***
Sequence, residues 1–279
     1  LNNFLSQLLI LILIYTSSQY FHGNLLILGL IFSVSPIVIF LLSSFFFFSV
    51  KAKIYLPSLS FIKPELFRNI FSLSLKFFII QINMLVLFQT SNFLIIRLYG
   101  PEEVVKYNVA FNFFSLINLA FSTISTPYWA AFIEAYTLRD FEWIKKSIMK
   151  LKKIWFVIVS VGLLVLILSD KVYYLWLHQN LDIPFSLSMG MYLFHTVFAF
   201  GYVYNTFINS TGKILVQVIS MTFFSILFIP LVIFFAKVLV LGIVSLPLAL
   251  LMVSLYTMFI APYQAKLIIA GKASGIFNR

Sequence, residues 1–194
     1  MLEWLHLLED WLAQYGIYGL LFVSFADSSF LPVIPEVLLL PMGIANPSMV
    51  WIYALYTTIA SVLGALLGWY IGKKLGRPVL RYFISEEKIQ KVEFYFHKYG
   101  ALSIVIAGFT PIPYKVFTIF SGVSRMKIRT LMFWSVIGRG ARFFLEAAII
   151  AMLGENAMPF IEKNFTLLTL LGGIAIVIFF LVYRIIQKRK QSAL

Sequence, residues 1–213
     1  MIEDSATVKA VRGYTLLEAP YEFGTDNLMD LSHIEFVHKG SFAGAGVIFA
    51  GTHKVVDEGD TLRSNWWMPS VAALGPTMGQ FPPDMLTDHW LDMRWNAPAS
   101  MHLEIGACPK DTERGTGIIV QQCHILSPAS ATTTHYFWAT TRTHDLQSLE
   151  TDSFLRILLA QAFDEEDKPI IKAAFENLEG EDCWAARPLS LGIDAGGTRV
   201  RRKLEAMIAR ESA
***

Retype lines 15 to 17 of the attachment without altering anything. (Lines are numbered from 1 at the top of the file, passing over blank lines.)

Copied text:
    51  GTHKVVDEGD TLRSNWWMPS VAALGPTMGQ FPPDMLTDHW LDMRWNAPAS
   101  MHLEIGACPK DTERGTGIIV QQCHILSPAS ATTTHYFWAT TRTHDLQSLE
   151  TDSFLRILLA QAFDEEDKPI IKAAFENLEG EDCWAARPLS LGIDAGGTRV